Politics v. project truth: We still haven’t learned
Budget and cost overruns continue to plague government-commissioned projects despite repeated calls for “lessons to be learned”. A new book could help with expert views on complex project governance, writes Richard Bayfield.
On 3 June, London’s The Times reported that Doug Thornton, the former Head of Property for HS2, had said he was forced out of his job in December 2015 after telling HS2 that the true cost of buying land for the section between London and the West Midlands would be at least £4.7bn, about £2bn more than expected.
This followed Mr Cummings’ visit to County Durham during the Covid lockdown. As a result, the phrase “doing a Cummings” is the new shorthand for “going out of bounds”.
Standing up for truth
To some extent, the rejection of advice goes with the territory in very senior roles. But any rejection should be based on alternative and respected opinions. Â
I applaud Ruth May and Doug Thornton for taking these very public stances. They both clearly value their personal reputations.
The consequences are huge for taking a public stance: sleepless nights, tainted reputation (until all the facts emerge), and loss of income are the minimum to be expected.
‘Twas ever thus
On HS2, it took until earlier this year for some of the key facts to emerge.
The UK’s National Audit Office published a report in March which concluded that the Department for Transport, HS2 Ltd and “government more widely” underestimated the task at hand, leading to optimistic cost and time estimates.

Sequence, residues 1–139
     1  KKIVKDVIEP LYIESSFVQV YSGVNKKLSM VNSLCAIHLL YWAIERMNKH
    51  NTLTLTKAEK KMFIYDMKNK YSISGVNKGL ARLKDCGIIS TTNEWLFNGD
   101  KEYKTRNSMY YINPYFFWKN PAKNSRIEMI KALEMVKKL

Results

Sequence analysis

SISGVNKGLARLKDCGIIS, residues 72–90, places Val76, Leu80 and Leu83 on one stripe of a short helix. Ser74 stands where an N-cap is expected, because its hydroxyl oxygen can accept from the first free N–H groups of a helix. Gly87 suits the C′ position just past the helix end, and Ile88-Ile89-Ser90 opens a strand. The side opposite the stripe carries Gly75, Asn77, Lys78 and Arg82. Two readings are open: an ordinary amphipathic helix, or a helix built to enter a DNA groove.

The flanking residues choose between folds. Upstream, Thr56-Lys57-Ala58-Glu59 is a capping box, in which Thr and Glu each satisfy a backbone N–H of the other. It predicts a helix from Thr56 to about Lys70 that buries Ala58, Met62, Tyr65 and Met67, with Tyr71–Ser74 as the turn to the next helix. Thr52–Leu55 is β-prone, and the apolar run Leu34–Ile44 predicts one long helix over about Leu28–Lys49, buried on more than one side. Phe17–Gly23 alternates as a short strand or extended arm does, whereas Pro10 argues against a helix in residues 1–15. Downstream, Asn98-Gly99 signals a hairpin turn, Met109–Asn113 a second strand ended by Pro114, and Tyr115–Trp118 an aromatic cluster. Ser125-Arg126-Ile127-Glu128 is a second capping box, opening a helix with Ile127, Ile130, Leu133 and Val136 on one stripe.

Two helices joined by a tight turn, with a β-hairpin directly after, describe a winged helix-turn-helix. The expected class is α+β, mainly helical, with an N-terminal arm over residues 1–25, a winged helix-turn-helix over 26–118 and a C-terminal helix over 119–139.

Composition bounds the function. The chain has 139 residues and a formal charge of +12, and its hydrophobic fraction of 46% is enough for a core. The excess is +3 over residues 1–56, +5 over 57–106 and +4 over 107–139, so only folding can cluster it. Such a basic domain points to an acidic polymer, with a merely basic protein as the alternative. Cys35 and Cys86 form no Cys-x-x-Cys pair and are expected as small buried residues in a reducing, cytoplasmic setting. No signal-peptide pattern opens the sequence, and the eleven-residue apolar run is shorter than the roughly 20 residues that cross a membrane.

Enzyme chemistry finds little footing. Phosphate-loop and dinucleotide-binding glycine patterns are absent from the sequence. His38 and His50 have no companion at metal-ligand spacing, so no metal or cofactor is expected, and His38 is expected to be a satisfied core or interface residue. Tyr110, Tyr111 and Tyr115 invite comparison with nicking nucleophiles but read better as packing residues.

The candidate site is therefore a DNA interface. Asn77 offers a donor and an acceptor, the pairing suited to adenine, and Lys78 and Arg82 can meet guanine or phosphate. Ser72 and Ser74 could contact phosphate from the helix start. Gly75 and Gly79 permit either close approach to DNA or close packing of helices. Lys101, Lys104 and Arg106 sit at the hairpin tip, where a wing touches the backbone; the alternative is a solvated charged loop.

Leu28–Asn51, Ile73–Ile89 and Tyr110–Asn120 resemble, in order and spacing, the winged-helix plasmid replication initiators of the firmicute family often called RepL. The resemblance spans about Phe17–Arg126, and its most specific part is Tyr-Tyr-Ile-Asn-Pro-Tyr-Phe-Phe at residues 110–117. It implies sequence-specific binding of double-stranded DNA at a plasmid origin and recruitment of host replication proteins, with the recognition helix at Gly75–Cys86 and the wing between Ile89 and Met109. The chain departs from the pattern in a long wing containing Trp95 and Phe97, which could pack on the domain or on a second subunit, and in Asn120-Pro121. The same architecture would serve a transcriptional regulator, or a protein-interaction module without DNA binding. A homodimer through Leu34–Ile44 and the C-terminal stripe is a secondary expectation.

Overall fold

The first project estimate for Holyrood House was for a simple refurbishment of an existing building and was reported at £10m in the Devolution White Paper of September 1997.
Politics v. project truth
History shows the ongoing tension between being honest and reporting accurately on politically sensitive projects and issues.
Lord Fraser commented: “This unique one-off building could never ever have been built for £50m and I am amazed that for so long the myth has been perpetuated.”
The lessons cited above are essentially about the clash between politics and project governance.
We never studied this
There is no doubt that lessons still need to be learned. They are crucially important for a functioning society.
Combining hundreds of years of collective experience on complex projects, it comprehensively reviews the impact human dynamics play in their success or failure.
The importance of senior leadership, better risk management, communication, relationships and conflict resolution are all comprehensively explored from our hands-on perspectives.
Meanwhile, the challenge for our government as it embarks upon its “build, build, build” programme has been summarised in one sentence by the philosopher, Sir Karl Popper.
“True ignorance is not the absence of knowledge, but the refusal to acquire it.”
Washington launches stinging attack on CCCC
US secretary of state, Mike Pompeo, has launched a verbal assault on China Communications Construction Company (CCCC) and several of its subsidiaries for their work in creating artificial islands in disputed areas of the South China Sea, as well as their role in the Belt and Road Initiative (BRI).
In a press statement released Wednesday, 26 August Pompeo accused CCCC of causing “untold environmental damage” by creating the artificial islands, and said the Chinese government was using CCCC and other state-owned enterprises as “weapons to impose an expansionist agenda” through the BRI.